Table 1. Demographic characteristics of the study population between the KD and control groups.

Gut microbiota diversity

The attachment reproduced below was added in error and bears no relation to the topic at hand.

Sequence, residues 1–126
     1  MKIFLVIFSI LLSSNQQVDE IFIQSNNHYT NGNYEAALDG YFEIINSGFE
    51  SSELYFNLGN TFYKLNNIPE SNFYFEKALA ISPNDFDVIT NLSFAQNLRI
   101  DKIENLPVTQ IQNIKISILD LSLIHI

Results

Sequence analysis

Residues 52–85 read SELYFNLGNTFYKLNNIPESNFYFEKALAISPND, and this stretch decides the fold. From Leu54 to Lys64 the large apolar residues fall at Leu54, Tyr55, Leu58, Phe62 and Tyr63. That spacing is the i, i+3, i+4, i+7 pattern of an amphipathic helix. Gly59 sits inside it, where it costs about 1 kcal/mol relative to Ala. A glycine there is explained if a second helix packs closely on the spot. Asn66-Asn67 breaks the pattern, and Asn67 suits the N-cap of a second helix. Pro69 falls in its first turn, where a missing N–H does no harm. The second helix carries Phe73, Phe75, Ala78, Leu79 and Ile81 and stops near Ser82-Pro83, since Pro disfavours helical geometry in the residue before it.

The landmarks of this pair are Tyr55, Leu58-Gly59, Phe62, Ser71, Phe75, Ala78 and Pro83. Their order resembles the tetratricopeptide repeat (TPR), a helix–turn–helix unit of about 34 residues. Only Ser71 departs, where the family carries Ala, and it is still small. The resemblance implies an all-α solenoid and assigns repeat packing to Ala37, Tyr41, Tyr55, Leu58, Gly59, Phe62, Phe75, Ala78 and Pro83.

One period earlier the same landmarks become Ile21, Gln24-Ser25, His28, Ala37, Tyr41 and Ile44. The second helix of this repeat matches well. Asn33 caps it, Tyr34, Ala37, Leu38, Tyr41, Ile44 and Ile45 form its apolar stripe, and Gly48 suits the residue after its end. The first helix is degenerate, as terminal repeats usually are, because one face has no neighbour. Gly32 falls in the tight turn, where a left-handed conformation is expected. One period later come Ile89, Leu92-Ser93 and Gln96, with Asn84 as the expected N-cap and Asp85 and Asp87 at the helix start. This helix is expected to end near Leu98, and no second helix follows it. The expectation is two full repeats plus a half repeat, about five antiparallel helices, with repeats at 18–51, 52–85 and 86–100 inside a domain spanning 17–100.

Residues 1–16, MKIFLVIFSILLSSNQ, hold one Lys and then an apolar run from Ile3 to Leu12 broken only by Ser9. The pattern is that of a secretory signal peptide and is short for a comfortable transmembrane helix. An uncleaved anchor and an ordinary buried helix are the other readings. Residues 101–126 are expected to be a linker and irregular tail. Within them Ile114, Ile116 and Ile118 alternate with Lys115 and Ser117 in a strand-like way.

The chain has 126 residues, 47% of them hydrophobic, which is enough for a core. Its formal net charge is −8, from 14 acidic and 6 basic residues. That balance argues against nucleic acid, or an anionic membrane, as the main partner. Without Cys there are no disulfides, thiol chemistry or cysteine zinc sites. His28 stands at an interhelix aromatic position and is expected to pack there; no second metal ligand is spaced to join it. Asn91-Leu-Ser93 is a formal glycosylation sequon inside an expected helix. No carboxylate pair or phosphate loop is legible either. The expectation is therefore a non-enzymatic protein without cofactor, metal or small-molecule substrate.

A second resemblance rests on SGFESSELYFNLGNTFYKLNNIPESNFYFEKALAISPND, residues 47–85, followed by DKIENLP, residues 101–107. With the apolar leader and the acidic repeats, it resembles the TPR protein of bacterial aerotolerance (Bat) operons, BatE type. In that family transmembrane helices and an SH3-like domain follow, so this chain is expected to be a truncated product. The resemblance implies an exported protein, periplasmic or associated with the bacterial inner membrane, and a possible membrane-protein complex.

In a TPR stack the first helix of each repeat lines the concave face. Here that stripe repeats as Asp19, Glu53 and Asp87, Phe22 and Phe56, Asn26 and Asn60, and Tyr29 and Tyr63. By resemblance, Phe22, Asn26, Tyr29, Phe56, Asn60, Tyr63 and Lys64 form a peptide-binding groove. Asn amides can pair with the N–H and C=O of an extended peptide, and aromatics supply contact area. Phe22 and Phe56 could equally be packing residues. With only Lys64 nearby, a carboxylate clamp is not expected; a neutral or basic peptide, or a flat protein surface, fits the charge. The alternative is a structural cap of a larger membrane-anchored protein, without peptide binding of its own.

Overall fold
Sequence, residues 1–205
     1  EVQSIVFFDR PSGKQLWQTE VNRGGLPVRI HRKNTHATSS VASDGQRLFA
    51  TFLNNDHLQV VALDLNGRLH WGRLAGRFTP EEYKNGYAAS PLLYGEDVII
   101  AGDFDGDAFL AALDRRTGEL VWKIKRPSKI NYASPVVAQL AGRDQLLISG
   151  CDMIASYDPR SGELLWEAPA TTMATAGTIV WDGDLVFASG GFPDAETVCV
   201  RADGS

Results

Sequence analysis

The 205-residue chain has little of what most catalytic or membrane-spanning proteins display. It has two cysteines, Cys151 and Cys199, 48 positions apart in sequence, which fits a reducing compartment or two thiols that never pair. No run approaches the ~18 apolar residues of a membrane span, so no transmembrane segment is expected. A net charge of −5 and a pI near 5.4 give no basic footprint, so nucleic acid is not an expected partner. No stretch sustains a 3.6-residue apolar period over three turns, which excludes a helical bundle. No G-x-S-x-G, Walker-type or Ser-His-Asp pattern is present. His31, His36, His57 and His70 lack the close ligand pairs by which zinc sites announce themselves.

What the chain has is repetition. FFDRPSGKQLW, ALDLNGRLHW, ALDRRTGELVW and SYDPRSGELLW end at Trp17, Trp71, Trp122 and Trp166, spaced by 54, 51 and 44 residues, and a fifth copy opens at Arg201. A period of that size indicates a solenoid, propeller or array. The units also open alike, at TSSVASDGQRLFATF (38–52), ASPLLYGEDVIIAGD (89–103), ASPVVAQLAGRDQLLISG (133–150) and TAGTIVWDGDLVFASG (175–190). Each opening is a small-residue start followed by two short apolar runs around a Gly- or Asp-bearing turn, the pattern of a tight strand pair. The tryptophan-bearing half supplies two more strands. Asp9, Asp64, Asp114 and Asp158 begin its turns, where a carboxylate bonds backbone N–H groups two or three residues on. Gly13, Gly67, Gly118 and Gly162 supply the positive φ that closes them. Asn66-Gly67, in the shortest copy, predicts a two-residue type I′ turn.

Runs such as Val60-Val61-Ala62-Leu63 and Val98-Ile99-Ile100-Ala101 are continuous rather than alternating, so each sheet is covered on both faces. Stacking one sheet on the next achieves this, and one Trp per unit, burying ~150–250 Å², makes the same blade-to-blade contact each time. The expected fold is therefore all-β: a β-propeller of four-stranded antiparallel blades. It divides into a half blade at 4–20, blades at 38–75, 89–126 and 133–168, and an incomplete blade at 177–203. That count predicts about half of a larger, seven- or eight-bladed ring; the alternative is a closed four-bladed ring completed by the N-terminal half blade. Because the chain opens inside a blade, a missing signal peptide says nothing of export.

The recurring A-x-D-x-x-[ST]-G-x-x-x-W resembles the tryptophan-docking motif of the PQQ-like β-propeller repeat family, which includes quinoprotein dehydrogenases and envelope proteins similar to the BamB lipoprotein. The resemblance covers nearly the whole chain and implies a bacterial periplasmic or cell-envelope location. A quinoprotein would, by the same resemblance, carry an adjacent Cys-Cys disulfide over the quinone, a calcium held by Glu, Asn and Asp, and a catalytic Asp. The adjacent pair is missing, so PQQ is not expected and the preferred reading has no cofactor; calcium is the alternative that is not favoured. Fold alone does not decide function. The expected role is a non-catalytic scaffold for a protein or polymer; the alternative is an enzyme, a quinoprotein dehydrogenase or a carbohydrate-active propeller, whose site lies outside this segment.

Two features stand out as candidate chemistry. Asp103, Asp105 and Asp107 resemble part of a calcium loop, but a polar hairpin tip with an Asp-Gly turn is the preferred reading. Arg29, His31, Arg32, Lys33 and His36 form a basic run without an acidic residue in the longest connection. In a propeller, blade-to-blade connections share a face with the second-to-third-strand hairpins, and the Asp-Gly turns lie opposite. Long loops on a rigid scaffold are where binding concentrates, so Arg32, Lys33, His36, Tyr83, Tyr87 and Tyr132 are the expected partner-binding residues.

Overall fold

To investigate the effect of ketogenic intervention on gut microbiota in patients, alpha diversity and beta diversity were used to reflect the diversity of the microbial community within samples and the differences between samples, respectively. We observed that Shannon diversity was slightly higher in the control group than in the ketogenic intervention group, but this difference was not significant (p > 0.05), while Chao1 diversity showed that microbial diversity was significantly higher in the control group than in the KD group (p < 0.05; Figures 1A,B). Beta diversity PCoA analysis based on weighted Bray-Curtis distance showed differences in microbial composition between the KD group and the control group (Figure 1C). The cluster heatmap also showed clear distinctions between the two groups of samples (Figure 1D). At the phylum level, Firmicutes was the largest phylum in both the KD group and the control group, but its abundance was relatively lower in the KD group (42.76% in the KD group vs. 48.13% in the control group). The second-largest phylum, Bacteroidota, showed a significant increase in abundance in the KD group (36.93% in the KD group vs. 25.41% in the control group). Some low-abundance microbes showed an increasing trend in the control group, including Actinobacteriota (1.66% in the KD group vs. 7.64% in the control group), Fusobacteriota (0.68% in the KD group vs. 1.65% in the control group), and Desulfobacterota (0.15% in the KD group vs. 0.50% in the control group; Figure 2A). At the genus level, compared to the control group, Bacteroides showed a significant increase in the KD group (28.78% in the KD group vs. 9.51% in the control group; Figure 2B).